Workers average just 2 hours and 48 minutes of productive device time a day
21% of working hours are spent on entertainment, news and social media
28% of workers start their day before 8:30 a.m. (and 5% begin before 7 a.m.)
26% of work is done outside of regular working hours
We check email and instant messaging, on average, every 6 minutes
40.1% of our day is spent multitasking with communication tools
With our workdays so split, if you then throw in the fatigue that comes from a lack of work-life balance, it’s not hard to see where the cracks begin to show.
Maintain your work routine
Seemingly obvious yet difficult to enforce, maintaining your regular work routine at home can seem impossible. However, by setting aside a specific location in the house that is specifically for work, and keeping to your start and finish times, you’ll find it a lot easier to complete each day. Avoid working from the couch (especially if you relax there by night), and instead put your desk or workplace somewhere bright where you can get plenty of airflow and sun.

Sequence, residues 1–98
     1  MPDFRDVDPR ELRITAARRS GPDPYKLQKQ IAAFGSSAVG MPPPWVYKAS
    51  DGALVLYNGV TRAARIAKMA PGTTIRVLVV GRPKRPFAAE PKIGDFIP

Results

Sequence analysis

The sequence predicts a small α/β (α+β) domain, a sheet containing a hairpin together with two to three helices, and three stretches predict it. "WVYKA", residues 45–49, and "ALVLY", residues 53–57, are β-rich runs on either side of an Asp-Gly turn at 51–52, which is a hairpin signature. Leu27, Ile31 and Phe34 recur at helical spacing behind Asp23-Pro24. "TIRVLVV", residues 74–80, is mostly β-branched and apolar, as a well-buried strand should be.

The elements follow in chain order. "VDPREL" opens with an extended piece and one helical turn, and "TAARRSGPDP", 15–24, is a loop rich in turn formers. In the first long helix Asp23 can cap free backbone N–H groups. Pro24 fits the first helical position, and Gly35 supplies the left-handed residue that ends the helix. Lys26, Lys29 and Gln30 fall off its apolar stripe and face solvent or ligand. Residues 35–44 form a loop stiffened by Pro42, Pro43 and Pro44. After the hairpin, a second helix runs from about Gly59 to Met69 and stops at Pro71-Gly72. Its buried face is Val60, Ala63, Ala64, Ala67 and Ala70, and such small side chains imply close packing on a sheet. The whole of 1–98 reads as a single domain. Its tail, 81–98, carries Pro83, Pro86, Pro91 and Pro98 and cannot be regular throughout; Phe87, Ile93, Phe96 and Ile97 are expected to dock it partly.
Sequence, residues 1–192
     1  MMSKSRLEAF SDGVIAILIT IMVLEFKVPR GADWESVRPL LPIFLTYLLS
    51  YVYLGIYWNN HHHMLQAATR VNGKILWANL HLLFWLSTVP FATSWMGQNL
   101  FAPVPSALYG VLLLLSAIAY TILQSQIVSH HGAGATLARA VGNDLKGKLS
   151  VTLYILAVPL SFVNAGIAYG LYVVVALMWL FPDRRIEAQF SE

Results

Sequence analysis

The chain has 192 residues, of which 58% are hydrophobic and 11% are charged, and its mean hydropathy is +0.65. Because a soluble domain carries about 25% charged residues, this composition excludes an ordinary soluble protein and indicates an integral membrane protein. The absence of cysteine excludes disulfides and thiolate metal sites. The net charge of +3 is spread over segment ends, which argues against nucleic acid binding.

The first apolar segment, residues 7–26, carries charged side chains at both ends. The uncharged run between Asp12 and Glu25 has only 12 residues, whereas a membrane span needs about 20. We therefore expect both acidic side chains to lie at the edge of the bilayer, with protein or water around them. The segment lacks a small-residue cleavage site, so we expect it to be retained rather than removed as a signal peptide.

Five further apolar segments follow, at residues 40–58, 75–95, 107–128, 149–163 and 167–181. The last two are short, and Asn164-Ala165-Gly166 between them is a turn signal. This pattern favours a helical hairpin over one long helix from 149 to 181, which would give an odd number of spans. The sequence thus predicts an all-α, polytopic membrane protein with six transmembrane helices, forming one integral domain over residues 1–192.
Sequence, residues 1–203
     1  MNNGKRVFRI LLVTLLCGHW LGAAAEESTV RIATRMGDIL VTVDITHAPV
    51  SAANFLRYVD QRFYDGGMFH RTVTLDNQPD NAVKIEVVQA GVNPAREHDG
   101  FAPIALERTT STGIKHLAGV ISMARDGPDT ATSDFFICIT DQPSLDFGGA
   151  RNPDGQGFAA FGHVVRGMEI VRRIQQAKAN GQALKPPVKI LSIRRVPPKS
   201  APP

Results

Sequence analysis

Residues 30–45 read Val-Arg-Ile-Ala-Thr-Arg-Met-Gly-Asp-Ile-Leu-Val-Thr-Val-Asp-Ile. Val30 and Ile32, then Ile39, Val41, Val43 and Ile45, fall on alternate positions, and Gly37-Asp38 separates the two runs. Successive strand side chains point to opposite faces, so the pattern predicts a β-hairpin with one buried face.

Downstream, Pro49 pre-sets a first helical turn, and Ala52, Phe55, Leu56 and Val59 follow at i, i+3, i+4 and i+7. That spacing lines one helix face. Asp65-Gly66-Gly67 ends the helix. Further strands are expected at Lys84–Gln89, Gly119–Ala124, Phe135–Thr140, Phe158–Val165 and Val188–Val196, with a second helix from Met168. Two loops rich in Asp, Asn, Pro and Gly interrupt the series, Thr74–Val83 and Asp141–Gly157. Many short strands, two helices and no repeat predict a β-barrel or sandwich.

Keep these routines consistent to help you maintain the sense of normality and avoid the brain-drain of not turning off. Do you normally switch off for 10 minutes at the office at 11.00am for a coffee? Do it at home! Normally go for a walk at lunch? Do it at home! Normally have a bowl of cereal at 3.00pm for some reason? Do it at home! Identify those habits that you do at work, and replicate them in the comfort of your home. By maintaining these habits, you’ll find that by the time the end of the day rolls around, you’ll feel more readily able to switch off and step away from your work.